Towards the Field Classification of Alluvial Architecture or Sequence
- J. D. Collinson and
- J. Lewin
Published Online: 29 APR 2009
Copyright © 1983 The International Association of Sedimentologists
Modern and Ancient Fluvial Systems
How to Cite
Friend, P. F. (1983) Towards the Field Classification of Alluvial Architecture or Sequence, in Modern and Ancient Fluvial Systems (eds J. D. Collinson and J. Lewin), Blackwell Publishing Ltd., Oxford, UK. doi: 10.1002/9781444303773.ch28
- Published Online: 29 APR 2009
- Published Print: 7 FEB 1983
Print ISBN: 9780632009978
Online ISBN: 9781444303773
- towards field classification – alluvial architecture or sequence;
- river sedimentation;
- environmental classification;
- elongate depressions;
- ancient fluvial formation
Present models of river sedimentation are based largely on a classification of the geomorphology of present-day river channel patterns. The classes are difficult to apply with confidence to ancient sediments, even where good, three-dimensional exposures are available. Although many workers have often referred to the deposits of (a) meandering or (b) braided rivers, present knowledge suggests that these terms should only be used where there is direct evidence of (a) high sinuosity and/or lateral migration or (b) emergent bars (islands).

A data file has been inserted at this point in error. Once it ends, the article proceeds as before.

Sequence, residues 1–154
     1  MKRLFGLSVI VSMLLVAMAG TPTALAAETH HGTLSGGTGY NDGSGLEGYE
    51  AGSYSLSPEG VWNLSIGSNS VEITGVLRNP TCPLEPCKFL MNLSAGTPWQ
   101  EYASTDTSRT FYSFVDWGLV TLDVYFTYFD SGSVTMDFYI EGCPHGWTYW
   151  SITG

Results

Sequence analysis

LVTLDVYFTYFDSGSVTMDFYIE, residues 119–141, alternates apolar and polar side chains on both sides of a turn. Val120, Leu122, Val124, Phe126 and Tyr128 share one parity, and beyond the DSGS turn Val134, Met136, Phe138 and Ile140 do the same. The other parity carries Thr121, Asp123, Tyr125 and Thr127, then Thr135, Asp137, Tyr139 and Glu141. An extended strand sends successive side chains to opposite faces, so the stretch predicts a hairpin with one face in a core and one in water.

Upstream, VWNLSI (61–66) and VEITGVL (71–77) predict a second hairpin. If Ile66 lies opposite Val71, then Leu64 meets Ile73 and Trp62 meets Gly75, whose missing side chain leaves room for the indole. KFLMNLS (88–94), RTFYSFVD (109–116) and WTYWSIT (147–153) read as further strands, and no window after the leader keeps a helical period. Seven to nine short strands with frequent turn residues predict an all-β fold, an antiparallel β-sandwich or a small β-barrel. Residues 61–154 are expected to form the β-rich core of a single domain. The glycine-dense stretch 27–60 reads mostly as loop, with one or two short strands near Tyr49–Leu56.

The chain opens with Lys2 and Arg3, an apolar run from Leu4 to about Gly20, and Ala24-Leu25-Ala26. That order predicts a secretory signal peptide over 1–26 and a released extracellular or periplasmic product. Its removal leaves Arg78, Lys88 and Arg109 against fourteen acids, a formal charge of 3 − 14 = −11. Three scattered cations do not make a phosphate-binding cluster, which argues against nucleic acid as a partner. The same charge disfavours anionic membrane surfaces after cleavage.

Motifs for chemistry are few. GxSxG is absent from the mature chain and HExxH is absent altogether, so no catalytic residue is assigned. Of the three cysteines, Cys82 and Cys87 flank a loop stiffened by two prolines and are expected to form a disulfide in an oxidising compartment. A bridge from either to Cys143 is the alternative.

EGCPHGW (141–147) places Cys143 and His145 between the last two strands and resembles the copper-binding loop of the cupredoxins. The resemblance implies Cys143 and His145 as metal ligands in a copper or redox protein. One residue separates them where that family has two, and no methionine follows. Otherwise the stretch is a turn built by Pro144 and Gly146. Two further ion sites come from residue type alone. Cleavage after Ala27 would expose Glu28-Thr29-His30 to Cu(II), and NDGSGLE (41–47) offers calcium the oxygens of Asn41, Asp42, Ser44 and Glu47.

A broad transport-mode classification can be useful, based on grain-size and distinguishing ‘mainly bed-transport’, ‘mainly suspension’, and ‘bed-transport and suspension’. A descriptive classification of two- or three-dimensional exposures is proposed, which is based on the shape and interrelations of distinctive sediment bodies, e.g. sheet or ribbon body form, or, more genetically, channel-plugs or bar forms.
Environmental classification tends to concentrate on the degree and mobility of channelization during deposition. Useful classes are: (1) sheet flood, (2) fixed channel, (3) mobile channel. Terms such as meandering or braided may then be suffixed to any of these classes, and some estimation of indices of sinuosity or braiding may locally be possible.
All too often, knowledge of ancient alluvium is limited to more-or-less one-dimensional, ‘sequence’ information (‘vertical’ exposure logs, borehole logs). Without two-dimensional data any classification must be limited to transport-mode generalizations, although detailed studies of vertical patterns of palaeocurrent direction, structure and grain size may suggest more precise environmental models.